I should say that Stephan’s diet, described in the podcast, is very close to ours. It could be described as a high-carb version of the Perfect Health Diet, with diversity of carbs increased by using detoxification procedures like soaking, sprouting, and fermenting to increase the number of “safe starches.” In describing his diet, he mentioned eating rice but not other cereal grains.
So it seems the differences between Stephan’s diet and ours are rather subtle. But one could argue that the differences between the sugared iced tea and Coca-Cola which Seth’s correspondent drank are also subtle. In the food reward theory of obesity, little changes in flavor can make a big difference in weight.
Does Food Reward Explain Obesity – Or Weight?
I think it’s important to distinguish between the disease of obesity – the health disorder characterized by metabolic damage – and the condition of being fat. Consider:
- An obese person whose metabolic damage was suddenly and completely cured would be healthy but still fat, because it would take some time to lose weight. But the weight would fall off rapidly.
- One could be slender and yet still have the disease of obesity, if metabolic damage persisted. If the site of metabolic damage is elsewhere than adipose cells, then liposuction might make a person slender but it wouldn’t cure obesity. The weight would return. This is in fact what happens.
Looking back at Alex Chernavsky’s weight chart, it’s clear that low-carb and Shangri-La diets reduced his weight. It’s not obvious that any diet cured his obesity.
Likewise, we’re all familiar with young people who eat massive quantities of junk food and remain slender. The high food reward diets, even toxic and malnourishing diets, seem not to cause weight gain until some kind of metabolic damage occurs.
It seems that metabolic damage – the disease of obesity – is a prerequisite for food reward to matter.
Only some of the leptin-resistance models (leptin antagonist blockade and aged obese rats) exhibit heightened weight and adiposity gain on a chow diet, while all models discussed demonstrate obesity in the presence of an HF diet. Thus, the leptin resistance appears to be reinforcing “reward eating” beyond caloric energy requirements….
Leptin receptors … act through the JAK-STAT signaling pathway and decrease food consumption upon leptin action. The fact that a chronic reduction in leptin receptor activity in the VTA by siRNA knockdown enhances sensitivity to highly palatable food underscores an important role of leptin receptor function in the regulation of reward feeding behavior (24).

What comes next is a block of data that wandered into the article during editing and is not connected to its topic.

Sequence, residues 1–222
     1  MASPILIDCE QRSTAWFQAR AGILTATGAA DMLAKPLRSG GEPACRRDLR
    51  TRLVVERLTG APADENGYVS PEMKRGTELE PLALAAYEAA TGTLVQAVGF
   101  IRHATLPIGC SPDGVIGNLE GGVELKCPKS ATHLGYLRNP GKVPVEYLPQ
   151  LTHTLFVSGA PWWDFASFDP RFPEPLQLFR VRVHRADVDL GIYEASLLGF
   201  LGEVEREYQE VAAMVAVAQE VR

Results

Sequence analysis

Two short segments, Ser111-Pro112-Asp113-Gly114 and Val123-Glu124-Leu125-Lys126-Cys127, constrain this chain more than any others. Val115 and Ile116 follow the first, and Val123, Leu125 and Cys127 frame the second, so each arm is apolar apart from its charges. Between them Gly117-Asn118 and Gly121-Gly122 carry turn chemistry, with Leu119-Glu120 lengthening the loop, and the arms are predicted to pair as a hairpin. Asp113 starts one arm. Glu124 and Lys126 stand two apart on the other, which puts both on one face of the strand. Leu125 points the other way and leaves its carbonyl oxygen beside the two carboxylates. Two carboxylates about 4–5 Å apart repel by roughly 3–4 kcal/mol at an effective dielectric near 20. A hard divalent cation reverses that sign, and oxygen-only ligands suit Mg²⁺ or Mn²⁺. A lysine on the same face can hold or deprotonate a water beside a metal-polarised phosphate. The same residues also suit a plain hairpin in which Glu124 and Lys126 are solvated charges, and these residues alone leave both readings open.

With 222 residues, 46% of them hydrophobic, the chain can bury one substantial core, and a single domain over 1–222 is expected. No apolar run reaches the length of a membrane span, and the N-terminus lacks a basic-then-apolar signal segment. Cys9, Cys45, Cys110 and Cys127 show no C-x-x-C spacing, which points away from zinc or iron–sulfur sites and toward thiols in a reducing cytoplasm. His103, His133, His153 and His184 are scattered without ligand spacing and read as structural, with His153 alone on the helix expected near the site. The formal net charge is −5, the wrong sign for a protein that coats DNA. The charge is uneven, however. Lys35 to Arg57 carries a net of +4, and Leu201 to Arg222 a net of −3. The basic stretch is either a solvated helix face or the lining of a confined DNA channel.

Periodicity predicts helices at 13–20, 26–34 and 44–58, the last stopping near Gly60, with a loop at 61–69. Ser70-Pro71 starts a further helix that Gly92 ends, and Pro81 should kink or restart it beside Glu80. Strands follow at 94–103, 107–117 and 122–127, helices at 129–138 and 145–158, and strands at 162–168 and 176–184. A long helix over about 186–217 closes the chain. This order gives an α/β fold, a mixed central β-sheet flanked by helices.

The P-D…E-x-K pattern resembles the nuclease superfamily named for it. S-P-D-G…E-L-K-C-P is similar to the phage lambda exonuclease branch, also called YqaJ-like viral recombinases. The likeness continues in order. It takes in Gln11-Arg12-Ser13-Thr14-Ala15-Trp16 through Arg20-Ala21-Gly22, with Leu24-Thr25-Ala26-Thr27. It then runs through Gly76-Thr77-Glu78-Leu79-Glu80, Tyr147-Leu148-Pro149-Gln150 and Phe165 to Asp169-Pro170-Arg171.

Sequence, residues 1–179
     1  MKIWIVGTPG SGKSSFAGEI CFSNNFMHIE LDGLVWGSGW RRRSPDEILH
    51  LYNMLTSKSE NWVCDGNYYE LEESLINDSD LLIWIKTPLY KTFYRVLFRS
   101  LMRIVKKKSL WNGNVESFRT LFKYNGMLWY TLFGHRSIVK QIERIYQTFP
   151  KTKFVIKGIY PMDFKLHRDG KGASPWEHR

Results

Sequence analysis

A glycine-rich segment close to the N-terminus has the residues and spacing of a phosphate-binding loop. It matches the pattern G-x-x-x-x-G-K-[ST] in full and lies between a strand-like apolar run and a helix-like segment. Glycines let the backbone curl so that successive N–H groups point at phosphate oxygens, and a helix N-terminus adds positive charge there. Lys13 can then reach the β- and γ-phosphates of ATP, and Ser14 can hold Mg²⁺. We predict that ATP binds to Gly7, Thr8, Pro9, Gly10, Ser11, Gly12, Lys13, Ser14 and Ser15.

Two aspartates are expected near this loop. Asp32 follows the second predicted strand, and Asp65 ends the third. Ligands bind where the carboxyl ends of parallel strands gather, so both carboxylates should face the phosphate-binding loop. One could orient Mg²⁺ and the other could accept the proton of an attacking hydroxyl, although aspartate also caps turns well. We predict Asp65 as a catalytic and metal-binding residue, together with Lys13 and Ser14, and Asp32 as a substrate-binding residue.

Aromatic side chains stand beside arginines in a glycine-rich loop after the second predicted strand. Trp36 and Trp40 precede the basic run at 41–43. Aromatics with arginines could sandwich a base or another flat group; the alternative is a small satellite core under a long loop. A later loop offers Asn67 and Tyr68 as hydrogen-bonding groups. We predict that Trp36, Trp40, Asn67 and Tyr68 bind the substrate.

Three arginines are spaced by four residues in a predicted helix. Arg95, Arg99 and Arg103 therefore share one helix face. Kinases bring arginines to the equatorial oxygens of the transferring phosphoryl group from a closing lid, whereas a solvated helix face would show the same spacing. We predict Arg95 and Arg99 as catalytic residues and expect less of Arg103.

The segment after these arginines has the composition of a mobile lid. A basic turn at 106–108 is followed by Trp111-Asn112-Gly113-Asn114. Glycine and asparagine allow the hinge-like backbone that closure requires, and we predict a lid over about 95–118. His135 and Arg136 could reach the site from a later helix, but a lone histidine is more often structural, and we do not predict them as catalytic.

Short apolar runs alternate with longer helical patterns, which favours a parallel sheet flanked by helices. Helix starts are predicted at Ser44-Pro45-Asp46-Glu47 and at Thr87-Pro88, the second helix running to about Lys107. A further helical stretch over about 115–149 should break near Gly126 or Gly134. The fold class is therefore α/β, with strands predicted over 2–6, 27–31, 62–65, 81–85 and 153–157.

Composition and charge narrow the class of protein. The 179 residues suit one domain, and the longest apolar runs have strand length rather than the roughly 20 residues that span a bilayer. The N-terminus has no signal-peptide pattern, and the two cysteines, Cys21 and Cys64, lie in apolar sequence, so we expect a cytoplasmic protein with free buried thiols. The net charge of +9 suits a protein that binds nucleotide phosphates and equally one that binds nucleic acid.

In other words, leptin resistance may have to exist before high-reward foods induce “reward feeding behavior,” or excessive consumption of calories. Likely it has to exist also before the fat mass setpoint is altered from normal.
If obesity (the disease) must exist before food reward becomes a factor in obesity, then it hardly seems likely that food reward is a dominant factor in obesity the disease. It is rather a dominant factor in how much an obese person weighs. That is a different thing.
Fat Mass Setpoint as a Dynamic Equilibrium
Early in this post I listed a half dozen sites of metabolic damage; the brain was only one. I believe that the fat mass setpoint is not controlled by any one metabolic organ, but rather that it is a dynamic equilibrium that is influenced by the whole body.
In other words: metabolic damage anywhere will affect the fat mass setpoint. The brain is not unique in its metabolic role. There are a myriad of ways to alter the fat mass setpoint, and they don’t all involve food, the food reward system, or even the brain.
Is the Brain the Pre-Eminent Site of Metabolic Damage?
Food reward looks to be important because changing the food reward of the diet changes the fat mass setpoint. Reduce food reward and weight drops; raise food reward and weight (usually) increases. This occurs in humans as well as lab animals, as Alex Chernavsky’s chart shows.
But all this really shows us is that food reward is a lever that we can use to adjust weight. It doesn’t tell us that it is the only or most important lever.
Food reward is a very easy lever for scientists to manipulate. It’s easy to replace rodent chow with Cheetos and see what happens. It’s a bit harder to adjust the state of the liver, the adipose tissue, the thyroid, or skeletal muscle.
When those other sites of metabolic damage are manipulated, does the fat mass setpoint change as dramatically as it does when food reward is manipulated?